That’s how she came to spend the summer between her 1L and 2L years as a legal intern and organizer in England. She assisted the union with organizing sex workers, including expanding services and financial benefits for current union members. As part of her work, she helped with public information campaigns, breaking down complex legal matters into easy to understand English to educate the public on the union’s causes and the need for legislative reform. In Amsterdam, Newport helped develop a list of resources for trafficking victims who weren’t permitted to stay in the Netherlands and were going to be deported to their home countries. Part of BLinN’s mission was to ensure effective reintegration for these women and girls.

“I feel like in some ways it was much more organizing oriented than maybe traditional legal work that . . .  some of my cohorts were doing. But it was real life. And that’s what I liked about it. I was affecting real lives of real people.”

Asian male construction worker holding hammer ready to work at construction site

Gaining experience, building a career

To build her educational foundation, Newport took as many labor and employment law classes at Cincinnati Law as she could. She also completed externships with the National Labor Relations Board Region 9, the United Steelworkers Union, and the Department of Labor, Office of Administrative Law Judges  

After graduation and passing the bar, she began her career at local law firm Manley Burke LPA, practicing union-side labor and plaintiff-side employment law, with a particular focus on issues that impacted low wage workers. This position helped prepare her to go in-house as General Counsel with the United Food and Commercial Workers Local 75. “I don’t think I quite knew what I was getting into,” said Newport. “But I thought it would be a really good way to learn.

“I liked being on the inside and being at the start of organizing campaigns because I worked really closely with the organizers.”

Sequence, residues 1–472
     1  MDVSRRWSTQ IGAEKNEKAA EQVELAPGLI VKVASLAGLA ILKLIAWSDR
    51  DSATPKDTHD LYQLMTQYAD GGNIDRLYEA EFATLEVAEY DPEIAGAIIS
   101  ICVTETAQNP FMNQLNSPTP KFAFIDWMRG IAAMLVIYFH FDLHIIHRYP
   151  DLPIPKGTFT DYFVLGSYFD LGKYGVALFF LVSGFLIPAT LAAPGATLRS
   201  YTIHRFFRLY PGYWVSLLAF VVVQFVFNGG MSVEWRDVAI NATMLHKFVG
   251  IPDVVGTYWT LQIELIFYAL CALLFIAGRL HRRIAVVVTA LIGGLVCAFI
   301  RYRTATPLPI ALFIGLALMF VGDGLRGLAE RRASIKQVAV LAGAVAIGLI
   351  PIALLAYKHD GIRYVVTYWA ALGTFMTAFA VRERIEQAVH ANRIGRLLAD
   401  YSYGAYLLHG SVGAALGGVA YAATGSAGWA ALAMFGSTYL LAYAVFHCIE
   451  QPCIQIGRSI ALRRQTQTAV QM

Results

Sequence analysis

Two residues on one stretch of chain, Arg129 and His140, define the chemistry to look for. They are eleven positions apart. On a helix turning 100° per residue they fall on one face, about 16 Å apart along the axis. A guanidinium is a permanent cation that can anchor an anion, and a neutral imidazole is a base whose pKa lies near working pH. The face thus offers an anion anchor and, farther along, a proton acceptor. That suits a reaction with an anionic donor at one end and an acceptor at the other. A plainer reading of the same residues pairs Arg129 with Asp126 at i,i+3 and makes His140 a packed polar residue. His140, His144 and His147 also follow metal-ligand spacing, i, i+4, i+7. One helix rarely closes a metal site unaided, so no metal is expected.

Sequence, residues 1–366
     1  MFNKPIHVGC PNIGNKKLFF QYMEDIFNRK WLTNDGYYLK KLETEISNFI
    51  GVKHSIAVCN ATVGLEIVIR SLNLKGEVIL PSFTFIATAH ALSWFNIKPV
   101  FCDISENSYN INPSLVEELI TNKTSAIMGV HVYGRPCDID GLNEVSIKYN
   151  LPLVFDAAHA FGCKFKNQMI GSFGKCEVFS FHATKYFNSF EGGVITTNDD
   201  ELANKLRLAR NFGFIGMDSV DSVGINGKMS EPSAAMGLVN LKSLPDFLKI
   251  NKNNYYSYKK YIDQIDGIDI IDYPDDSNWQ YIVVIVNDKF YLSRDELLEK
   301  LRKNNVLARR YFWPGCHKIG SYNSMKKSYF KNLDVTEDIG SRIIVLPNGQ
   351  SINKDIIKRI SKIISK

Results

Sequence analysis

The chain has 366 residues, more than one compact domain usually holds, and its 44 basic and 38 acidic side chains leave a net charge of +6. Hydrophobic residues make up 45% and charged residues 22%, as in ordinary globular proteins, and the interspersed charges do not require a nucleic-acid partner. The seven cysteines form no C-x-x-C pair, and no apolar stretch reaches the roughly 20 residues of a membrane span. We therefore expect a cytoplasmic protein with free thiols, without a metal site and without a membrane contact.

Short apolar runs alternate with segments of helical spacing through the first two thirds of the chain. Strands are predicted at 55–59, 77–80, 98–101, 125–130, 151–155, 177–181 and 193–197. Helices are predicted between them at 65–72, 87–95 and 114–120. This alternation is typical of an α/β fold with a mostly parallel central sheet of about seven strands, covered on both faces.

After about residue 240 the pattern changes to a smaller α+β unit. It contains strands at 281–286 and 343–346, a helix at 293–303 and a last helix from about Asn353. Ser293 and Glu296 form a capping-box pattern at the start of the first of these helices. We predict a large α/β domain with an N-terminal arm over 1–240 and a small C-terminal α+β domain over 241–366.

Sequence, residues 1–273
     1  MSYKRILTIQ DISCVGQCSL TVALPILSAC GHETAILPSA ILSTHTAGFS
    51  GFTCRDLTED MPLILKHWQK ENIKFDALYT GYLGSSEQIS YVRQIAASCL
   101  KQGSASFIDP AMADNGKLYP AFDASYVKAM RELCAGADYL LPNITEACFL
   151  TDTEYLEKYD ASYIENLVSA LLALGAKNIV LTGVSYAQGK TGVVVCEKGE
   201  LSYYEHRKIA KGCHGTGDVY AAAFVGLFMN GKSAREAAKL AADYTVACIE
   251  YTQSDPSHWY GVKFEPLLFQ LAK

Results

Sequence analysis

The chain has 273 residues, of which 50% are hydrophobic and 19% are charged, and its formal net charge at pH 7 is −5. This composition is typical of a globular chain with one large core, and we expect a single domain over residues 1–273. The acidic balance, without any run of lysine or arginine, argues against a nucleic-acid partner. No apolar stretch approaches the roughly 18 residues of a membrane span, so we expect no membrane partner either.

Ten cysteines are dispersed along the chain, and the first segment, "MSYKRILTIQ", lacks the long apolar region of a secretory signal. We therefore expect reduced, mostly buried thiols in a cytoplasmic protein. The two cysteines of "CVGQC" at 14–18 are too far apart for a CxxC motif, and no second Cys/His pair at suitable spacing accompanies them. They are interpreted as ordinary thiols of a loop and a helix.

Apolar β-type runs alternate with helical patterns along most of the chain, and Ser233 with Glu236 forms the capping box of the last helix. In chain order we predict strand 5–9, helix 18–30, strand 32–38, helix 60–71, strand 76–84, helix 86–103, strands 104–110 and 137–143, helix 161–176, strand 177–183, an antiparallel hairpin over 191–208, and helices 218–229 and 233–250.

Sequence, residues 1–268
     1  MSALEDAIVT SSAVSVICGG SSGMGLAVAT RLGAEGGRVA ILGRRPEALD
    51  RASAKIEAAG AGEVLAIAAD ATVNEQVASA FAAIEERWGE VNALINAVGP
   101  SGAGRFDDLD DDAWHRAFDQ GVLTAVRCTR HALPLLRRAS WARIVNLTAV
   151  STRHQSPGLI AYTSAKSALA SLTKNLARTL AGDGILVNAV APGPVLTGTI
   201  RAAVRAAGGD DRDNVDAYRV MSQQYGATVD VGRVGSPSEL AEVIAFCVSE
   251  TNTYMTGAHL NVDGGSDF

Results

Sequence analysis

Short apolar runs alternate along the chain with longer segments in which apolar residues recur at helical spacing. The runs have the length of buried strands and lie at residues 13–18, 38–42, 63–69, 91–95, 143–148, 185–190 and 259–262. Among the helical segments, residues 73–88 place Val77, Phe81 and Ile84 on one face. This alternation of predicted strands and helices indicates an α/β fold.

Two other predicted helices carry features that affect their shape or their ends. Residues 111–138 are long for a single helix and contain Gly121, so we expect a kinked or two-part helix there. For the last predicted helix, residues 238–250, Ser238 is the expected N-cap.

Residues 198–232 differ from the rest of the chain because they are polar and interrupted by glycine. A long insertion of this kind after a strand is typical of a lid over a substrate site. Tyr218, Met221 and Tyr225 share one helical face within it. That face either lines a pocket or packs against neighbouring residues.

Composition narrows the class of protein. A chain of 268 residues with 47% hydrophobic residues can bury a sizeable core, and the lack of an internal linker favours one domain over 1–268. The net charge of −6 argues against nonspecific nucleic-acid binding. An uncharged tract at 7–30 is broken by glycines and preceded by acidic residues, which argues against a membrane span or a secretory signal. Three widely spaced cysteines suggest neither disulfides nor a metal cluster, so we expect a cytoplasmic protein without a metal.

After eight years, Newport went back to firm life in 2017. She went to the Cincinnati office of Kircher, Suetholz & Associates (KSA), developing the breadth of her labor and employment practice, working for KSA’s principal David O’Brien Suetholz, who is located in Louisville, KY. While the firm names have changed over the last six years, she continues to work closely with Suetholz, now as a partner at Herzfeld, Suetholz, Gastel, Leniski and Wall, PLLC (HSGLaW Group), a union-side firm with offices in Cincinnati, Louisville, Nashville, and Washington D.C.

Newport says her Cincinnati Law training and externship experiences were key to her success. “I had the opportunity to get involved in the things that I wanted to get involved in. And I think that I could have done more of that. But I tried to seek out the things that I was interested in and figure out a way to do those things.

She continued, “I had . . .  professors like Bert Lockwood, who were open to hearing why I wanted to do something that was a little bit different than everybody else. It was really beneficial and a good way for me to grow the foundations of my career.”

Newport is appreciative of the opportunities she had at Cincinnati Law. “I had opportunities to maintain that foot in the practical world, which was great. There are a lot of opportunities for whatever anybody wants to be involved in.”

Her connection to Cincinnati Law isn’t over. Earlier in her career, Newport worked as an adjunct professor co-teaching a course on International Women’s Human Rights. She will return to her roots during spring semester, teaching a course in Labor Law.  

I had professors like Bert Lockwood, who were open to hearing why I wanted to do something that was a little bit different than everybody else. It was really beneficial and a good way for me to grow the foundations of my career.

Pamela Newport (MA '04, JD '05)

The case with Churchill Downs

Over the last five years, Newport and her partner David Suetholz have worked together on a case representing the Laborers International Union, Local 576 in Louisville, KY against Churchill Downs, involving Churchill’s subcontracting of bargaining unit work at a particular facility. Suetholz conducted the arbitrations, while she worked on the briefs, including the litigation that ensued. You can read her account of the case here: Union Gets Early Win in Churchill Downs Back Pay Spat (Law360)


Lead photo: istockphoto.com; profile: provided